Outside the partial circuit wall, Grave Circle B, named for its enclosing wall, contained ten cist graves in Middle Helladic style and four shaft graves, sunk more deeply, with interments resting in cists. Richer grave goods mark the burials as possibly regal. Mounds over the top contained broken drinking vessels and bones from a repast, testifying to a more than ordinary farewell.[4][5] Stelae surmounted the mounds.[6]

A walled enclosure, Grave Circle A, included six more shaft graves, with 9 female, 8 male, and two juvenile interments. Grave goods were wealthier than in Circle B. The presence of engraved and inlaid swords and daggers, with spear points and arrowheads, leave little doubt that warrior chieftains and their families were buried there. Some art objects obtained from the graves are the Silver Siege Rhyton, the Mask of Agamemnon, the Cup of Nestor, and weapons both votive and practical.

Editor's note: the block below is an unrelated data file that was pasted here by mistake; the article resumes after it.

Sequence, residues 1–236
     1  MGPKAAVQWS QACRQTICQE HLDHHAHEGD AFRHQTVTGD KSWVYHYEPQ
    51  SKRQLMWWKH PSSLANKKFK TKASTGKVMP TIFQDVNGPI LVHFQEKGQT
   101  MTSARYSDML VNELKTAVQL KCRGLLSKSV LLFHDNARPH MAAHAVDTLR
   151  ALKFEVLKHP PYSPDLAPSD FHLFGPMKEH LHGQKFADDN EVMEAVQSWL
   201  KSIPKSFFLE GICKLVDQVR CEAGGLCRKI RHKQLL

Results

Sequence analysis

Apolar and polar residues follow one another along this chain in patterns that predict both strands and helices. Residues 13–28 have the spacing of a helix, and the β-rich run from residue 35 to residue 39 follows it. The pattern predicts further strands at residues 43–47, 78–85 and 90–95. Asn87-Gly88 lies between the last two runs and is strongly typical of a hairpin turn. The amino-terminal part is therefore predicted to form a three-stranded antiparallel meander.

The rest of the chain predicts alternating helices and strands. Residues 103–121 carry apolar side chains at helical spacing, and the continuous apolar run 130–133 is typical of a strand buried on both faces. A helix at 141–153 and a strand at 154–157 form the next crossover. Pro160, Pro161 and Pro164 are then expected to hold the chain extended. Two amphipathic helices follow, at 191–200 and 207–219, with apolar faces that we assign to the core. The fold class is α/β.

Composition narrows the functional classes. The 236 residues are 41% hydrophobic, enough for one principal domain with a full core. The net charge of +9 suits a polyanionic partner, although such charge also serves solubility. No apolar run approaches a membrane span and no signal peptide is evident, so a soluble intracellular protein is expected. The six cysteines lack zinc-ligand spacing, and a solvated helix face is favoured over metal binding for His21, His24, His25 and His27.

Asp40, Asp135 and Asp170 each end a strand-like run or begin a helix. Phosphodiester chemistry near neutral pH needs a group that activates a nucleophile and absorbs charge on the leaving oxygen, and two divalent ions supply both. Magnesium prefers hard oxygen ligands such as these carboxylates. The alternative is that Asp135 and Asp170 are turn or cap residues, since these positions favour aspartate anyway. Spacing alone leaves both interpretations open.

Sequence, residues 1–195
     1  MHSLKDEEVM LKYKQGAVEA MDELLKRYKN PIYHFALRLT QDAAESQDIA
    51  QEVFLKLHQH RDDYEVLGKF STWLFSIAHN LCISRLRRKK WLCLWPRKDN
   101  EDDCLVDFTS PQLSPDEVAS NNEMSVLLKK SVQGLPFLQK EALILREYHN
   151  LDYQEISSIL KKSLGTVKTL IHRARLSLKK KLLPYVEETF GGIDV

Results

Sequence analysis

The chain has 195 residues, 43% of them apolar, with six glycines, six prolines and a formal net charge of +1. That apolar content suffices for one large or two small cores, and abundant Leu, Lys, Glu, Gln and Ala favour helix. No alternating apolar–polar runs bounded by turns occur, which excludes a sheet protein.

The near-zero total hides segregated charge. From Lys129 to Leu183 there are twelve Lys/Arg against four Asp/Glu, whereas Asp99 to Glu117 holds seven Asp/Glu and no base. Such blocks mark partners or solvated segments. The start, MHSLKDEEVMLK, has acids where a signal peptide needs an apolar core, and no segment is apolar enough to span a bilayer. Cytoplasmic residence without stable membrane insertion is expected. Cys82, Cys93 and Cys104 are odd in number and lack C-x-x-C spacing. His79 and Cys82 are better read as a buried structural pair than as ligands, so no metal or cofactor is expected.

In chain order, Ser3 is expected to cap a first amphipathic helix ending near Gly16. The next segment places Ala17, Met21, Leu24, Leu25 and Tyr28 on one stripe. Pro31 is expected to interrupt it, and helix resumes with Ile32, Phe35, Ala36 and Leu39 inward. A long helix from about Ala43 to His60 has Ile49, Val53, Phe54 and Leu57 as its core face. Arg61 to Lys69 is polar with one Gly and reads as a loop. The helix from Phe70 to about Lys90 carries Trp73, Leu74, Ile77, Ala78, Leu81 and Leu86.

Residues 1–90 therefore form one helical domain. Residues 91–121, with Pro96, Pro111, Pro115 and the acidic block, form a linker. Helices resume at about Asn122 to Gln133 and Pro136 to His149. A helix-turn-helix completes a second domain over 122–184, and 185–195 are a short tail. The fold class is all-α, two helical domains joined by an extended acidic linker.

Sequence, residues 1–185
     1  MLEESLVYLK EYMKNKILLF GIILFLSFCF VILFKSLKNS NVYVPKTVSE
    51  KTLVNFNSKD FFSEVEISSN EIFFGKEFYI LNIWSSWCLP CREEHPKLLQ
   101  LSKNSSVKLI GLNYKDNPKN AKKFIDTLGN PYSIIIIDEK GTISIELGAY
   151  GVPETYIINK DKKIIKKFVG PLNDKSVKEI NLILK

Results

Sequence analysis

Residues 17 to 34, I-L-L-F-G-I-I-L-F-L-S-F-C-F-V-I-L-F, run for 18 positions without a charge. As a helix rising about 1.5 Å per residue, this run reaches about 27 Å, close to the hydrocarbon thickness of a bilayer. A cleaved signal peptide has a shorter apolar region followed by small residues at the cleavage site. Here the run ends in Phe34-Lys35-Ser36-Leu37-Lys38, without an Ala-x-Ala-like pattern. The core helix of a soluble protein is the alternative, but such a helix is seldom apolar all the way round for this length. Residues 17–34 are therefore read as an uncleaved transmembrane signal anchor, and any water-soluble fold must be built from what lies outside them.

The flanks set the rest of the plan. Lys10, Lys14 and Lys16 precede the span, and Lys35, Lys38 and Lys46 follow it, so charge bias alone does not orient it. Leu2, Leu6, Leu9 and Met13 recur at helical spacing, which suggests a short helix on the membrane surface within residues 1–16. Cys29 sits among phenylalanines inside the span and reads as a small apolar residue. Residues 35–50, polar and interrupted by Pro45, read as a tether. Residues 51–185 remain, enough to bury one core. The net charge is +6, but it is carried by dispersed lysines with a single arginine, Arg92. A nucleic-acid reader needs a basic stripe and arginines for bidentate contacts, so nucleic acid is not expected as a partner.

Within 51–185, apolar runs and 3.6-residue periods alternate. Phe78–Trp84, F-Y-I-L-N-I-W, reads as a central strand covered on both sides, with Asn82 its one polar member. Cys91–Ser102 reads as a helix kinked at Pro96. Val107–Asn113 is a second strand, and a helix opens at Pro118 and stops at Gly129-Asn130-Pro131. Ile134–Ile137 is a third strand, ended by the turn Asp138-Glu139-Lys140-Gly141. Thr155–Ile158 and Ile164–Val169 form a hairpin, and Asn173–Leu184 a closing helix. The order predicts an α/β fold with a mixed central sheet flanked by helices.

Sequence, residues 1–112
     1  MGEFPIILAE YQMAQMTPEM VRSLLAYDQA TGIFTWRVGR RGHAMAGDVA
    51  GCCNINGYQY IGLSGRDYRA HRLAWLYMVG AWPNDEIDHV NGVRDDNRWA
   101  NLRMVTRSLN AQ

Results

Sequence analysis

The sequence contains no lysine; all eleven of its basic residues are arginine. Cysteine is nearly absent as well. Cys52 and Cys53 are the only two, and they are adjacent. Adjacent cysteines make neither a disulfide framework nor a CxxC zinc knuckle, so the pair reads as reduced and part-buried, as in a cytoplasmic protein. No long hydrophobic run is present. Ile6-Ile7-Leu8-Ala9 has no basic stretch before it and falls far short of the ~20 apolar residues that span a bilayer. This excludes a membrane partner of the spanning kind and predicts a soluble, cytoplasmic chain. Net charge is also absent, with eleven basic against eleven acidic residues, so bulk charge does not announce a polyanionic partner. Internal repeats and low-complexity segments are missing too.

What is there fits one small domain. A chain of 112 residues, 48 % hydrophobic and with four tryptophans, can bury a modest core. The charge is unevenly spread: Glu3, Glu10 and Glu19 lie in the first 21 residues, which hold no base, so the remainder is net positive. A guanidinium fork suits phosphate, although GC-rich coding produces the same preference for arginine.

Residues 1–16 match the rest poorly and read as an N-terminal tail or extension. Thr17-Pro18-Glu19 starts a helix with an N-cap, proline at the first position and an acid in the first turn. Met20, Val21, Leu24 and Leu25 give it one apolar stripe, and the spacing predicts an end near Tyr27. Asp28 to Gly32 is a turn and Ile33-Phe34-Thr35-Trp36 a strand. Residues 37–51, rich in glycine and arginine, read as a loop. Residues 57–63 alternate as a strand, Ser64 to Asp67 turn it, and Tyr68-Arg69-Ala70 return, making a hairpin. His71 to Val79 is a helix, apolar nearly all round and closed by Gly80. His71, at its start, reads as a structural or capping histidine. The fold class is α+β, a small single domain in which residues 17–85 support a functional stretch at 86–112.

Mycenaean Treasure

Mycenaean swords and cups.

Late Helladic II

Alan Wace divided the nine tholos tombs of Mycenae into three groups of three each based on architecture. His earliest - the Cyclopean Tomb, Epano Phournos, and the Tomb of Aegisthus - are dated to IIA.

Burial in tholoi is seen as replacing burial in shaft graves. The care taken to preserve the shaft graves testifies that they were by then part of the royal heritage, the tombs of the ancestral heroes. Being more visible, the tholoi all had been plundered either in antiquity, or in later historic times.

Late Helladic III